Archive for 2009

Justice Out of Balance

Sunday, December 27th, 2009

LOS ANGELES — An analysis of federal prosecutions in the last year shows a disturbing trend, write editors of La Opinión. While little attention is being paid to white collar crimes like securities and mortgage fraud, the criminal prosecution of immigrants for entering the country illegally or for illegal reentry are currently the two most common types of cases in the entire U.S. federal justice system. Together, these cases represent 92 percent of federal immigration cases. Immigration-related criminal offenses now represent 54 percent of all federal cases nationally. Even more disturbing, editors write, is the fact that of the more than 91,800 immigration-related offenses, employers were prosecuted in only eight cases. As long as the punishment falls on individual immigrants and not on the employers who attract them with jobs, editors write, it is a formula for failure.

A Decade of New Youth Activism

Sunday, December 27th, 2009

by Raj Jayadev

I often hear older activists asking where activism has gone. Where are the Martins and Malcolms of today? They may not have heard of Karina Vargas, Annie Loya, or the youth behind the immigrants’ rights marches. But they should know these youth are part of vital, evolving movements that are going places where prior movements could not go. And given the challenges this next decade will lay at their feet, they’re going to need to go even further. These young people might not fit the traditional mold of “activist” and that might be the best thing about them.

Around this time last decade, I was wading through clouds of tear gas and dodging rubber bullets from the Seattle Police Department. I was 24, it was the World Trade Organization (WTO) protests and a moment that I thought signaled the inauguration of a new youth activism that would hit the ground running with the new millennium.

I was right about the arrival of a new political engagement of young people for the decade, but wrong in my presumption that it would look and feel like the activist movements in America’s past that I had read about. I thought young people, 16 to 24-year-olds, were going to continue what my generation did — fight for inclusion, to be part of the ongoing struggles over civil rights, immigration and the environment. Instead, they decided to lead them. They did so by redefining what it means to be an “activist,” who could be one, and new ways to get the job done. They made history in the process, and did so on their own terms.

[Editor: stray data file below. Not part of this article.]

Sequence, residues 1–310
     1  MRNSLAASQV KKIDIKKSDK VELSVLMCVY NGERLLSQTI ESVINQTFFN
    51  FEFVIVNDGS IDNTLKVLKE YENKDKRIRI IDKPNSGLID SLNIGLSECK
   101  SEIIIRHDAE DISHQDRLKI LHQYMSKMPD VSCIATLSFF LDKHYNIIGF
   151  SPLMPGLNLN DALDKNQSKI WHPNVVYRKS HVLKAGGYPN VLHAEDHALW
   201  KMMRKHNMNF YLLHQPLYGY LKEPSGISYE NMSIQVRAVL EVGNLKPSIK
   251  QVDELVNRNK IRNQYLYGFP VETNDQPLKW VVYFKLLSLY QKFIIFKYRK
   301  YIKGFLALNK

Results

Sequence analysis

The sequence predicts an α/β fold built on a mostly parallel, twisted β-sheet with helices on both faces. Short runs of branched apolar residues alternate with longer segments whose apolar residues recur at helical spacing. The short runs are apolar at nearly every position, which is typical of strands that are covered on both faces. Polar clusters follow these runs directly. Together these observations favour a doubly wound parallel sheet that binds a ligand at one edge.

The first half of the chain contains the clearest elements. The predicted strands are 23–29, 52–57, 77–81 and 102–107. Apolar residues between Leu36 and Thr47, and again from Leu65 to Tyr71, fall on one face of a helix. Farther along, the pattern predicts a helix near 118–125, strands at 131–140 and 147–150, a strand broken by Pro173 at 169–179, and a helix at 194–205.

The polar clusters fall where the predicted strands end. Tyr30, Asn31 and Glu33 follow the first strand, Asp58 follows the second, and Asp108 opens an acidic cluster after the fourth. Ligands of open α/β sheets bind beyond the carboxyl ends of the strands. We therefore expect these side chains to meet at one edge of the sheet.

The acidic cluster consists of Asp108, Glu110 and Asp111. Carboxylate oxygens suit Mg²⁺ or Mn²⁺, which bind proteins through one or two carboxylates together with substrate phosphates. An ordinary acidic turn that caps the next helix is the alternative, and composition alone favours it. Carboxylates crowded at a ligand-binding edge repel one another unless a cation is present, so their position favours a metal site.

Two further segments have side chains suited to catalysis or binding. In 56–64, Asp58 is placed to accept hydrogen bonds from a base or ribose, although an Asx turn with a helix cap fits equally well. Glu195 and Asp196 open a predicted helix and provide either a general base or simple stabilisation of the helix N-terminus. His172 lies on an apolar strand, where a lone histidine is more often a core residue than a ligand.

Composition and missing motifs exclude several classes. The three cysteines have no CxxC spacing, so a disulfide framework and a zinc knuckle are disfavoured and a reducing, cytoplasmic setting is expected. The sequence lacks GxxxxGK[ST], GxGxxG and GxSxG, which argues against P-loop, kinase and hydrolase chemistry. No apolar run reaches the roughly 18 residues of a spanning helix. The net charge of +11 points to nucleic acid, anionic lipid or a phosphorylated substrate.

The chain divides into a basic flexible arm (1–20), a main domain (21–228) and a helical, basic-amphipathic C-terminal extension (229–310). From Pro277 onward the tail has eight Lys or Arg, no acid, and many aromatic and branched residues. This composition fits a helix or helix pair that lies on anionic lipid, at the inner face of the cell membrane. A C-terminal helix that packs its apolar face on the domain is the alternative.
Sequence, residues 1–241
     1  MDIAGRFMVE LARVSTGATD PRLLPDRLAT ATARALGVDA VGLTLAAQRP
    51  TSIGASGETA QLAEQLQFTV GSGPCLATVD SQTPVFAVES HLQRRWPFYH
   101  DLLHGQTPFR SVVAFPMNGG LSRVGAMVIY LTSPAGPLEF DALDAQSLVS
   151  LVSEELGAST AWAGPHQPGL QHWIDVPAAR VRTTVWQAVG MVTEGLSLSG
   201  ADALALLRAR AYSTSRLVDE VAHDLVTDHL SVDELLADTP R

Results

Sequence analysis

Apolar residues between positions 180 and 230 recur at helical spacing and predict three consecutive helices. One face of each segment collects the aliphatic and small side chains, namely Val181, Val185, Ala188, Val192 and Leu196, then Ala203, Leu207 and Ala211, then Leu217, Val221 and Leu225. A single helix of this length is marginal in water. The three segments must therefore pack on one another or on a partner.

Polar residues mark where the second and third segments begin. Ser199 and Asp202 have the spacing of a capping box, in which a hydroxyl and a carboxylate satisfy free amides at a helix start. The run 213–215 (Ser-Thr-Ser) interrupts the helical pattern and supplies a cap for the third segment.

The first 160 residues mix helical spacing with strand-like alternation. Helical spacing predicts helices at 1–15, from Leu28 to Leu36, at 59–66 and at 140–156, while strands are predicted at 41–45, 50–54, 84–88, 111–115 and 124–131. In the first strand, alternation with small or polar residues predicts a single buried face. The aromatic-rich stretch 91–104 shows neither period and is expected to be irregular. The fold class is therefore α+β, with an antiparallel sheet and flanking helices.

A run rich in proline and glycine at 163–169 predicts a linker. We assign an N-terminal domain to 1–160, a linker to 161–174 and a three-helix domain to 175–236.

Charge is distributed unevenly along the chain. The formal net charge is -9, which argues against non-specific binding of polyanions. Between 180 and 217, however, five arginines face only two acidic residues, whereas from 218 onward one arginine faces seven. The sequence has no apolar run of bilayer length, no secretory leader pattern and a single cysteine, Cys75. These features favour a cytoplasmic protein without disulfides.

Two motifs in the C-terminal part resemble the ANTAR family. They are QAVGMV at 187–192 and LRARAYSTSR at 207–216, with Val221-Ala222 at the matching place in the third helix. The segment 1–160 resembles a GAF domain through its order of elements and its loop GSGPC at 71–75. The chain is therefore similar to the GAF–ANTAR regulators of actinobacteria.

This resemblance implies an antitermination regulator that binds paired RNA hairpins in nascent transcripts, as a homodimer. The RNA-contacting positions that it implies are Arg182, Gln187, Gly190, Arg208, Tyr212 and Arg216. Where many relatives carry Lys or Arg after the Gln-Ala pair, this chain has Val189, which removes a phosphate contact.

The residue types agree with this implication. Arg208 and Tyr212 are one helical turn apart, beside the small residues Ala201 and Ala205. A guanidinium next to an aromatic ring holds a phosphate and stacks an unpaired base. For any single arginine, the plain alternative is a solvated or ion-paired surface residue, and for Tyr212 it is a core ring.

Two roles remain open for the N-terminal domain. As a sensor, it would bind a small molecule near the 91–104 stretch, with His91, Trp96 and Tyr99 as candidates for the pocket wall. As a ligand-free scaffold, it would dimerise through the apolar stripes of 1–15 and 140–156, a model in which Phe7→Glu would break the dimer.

In Seattle, I was part of a “youth of color contingent.” In a mainly older, white anti-globalization movement in the United States, to define and pronounce ourselves was important. Our fight was just to be part of the fight, and that’s exactly what we did. Never before had we known what it felt like to completely take over city blocks, to make global financial powers nervous, or to freeze a major international convening. Emboldened as to what was possible, some stayed in the anti-globalization movement (a term that admittedly seemed horribly ahistoric at this point) but most of us returned to the places where youth activism would really be cultivated, our local communities. Read more…

Obama and Congress: At the Crossroads of Immigration Reform

Sunday, December 27th, 2009

By Maribel HastingsNew America Media.

Is it ever “the right time” to pass immigration reform and a path to legalization? Using the issue merely to score political points has been the norm for decades, among detractors and some proponents alike.

President Barack Obama is the latest political figure to attempt a comprehensive fix to the immigration system — or at least, he promised to do so in 2008, in the heat of the presidential campaign.

As January 20, 2010 rolls around — marking the end of his first year in office — Obama has not passed immigration reform, but his defenders predict that by that time the stirrings of the immigration debate will have started in the Senate.

“In this country people have always made excuses for delaying justice. But they’re excuses for inaction. The fact is that the president of the United States (Barack Obama) came to office in large part because he supports wholesale reform of the (immigration) system. It’s time for these politicians to turn their promises into reality,” Rep. Luis Gutierrez, D-Ill., told and Reform Immigration For America before introducing the bill H.R. 4321, presented to the House this week to stimulate immigration reform. Read more…

The BIA Has the Chance to Prevent the Wrongful Deportation of Immigrant Children

Monday, December 21st, 2009

By Mary Kenney